South Florida's Recount & Florida’s Voter Turnout

What’s next with Palm Beach County’s recount & about Florida’s voter turnout 

Excerpt: What happens if Florida elections offices fail to meet Thursday’s looming deadline for a machine recount of ballots in the state’s tightly contested races? 

Keep counting, says Florida’s secretary of state. 

A spokeswoman for Secretary of State Ken Detzner said Tuesday that counties should continue counting past the deadline so that final tallies can be included in official results. At least one elections supervisor, Palm Beach County’s Susan Bucher, has said she does not believe her office will make the deadline in at least three races and will complete a tally only for the bitter fight between Gov. Rick Scott and U.S. Sen. Bill Nelson. 

Bottom Line: Lost in the daily developments of the recount, legal challenges, and general incompetence is this somewhat important point. There hasn’t been a legal vote tabulated in Palm Beach or Broward County since 7:31 last Tuesday evening. That being said, only one county has completely reported all of its ballots and that’s Osceola County. The 10-day overseas and military ballots are still being accounted for in all other counties. Those are due for reporting no later than tomorrow with tabulations to be completed no later than Sunday. That is legally anyway. We are starting to get a clearer indication of participation/turnout with almost all votes. Legal and illegal being tabulated.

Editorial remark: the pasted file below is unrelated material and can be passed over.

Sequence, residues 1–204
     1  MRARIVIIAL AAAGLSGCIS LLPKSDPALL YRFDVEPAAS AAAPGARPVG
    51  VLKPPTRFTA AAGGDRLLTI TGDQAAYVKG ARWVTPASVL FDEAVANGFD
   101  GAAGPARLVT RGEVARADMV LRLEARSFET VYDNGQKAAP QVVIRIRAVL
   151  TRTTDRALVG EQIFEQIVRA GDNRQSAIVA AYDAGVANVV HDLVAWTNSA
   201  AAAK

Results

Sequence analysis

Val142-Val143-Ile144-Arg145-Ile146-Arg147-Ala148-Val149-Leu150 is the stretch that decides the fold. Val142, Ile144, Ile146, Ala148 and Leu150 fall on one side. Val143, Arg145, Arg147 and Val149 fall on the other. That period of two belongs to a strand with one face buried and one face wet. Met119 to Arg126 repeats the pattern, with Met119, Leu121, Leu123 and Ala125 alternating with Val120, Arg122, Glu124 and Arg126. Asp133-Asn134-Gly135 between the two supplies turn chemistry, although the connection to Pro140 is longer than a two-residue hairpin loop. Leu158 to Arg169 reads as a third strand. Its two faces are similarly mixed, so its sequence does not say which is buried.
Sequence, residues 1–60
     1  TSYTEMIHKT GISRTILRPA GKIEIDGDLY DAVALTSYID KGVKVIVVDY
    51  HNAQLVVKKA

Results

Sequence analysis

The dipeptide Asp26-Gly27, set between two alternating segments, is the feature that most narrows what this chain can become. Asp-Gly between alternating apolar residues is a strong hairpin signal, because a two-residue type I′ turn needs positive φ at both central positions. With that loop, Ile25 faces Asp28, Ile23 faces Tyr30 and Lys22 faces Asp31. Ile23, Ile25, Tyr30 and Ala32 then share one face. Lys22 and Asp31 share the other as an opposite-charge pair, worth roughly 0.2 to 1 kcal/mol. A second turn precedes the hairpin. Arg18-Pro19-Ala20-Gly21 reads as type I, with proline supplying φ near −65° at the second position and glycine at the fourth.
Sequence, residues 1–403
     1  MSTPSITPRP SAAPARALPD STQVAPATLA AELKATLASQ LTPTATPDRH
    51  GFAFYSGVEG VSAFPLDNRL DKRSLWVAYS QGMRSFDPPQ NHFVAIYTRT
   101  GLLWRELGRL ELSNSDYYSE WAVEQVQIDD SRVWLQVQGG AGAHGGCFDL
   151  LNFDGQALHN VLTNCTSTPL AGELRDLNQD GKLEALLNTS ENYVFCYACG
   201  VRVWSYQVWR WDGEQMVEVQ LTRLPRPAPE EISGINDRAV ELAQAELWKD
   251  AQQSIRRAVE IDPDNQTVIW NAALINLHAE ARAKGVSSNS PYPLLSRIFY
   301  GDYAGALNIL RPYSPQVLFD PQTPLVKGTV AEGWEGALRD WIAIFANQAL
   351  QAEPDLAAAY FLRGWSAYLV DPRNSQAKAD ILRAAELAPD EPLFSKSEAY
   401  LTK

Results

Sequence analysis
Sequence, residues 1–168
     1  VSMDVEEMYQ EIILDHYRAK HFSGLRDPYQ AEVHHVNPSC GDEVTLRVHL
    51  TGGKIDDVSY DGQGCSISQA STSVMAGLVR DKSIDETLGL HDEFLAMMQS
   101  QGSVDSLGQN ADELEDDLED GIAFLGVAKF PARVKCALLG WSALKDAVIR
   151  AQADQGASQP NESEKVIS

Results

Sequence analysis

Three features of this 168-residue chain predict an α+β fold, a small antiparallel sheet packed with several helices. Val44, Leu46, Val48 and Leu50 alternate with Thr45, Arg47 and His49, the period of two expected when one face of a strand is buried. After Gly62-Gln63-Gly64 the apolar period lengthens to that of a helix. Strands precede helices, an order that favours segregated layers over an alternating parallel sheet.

According to the latest from the state via, turnout stands at 62.5% or just over 8.3 million votes. How does that compare? It is up considerably from the 2014 midterms when turnout topped 50% but still well below the near 75% turnout of two years ago. When nearly 9.6 million Floridians voted. 

So, here’s the thing. Why was it possible for even Broward and Palm Beach County to manage to conduct some semblance of a legitimate election two years ago with substantially higher turnout than today? Same two counties. Same two Supervisors of Elections, same equipment, same laws. Much lower turnout and many fewer votes to count.  

Anyone care to take that one on?

Photo by: Joe Skipper/Getty Images

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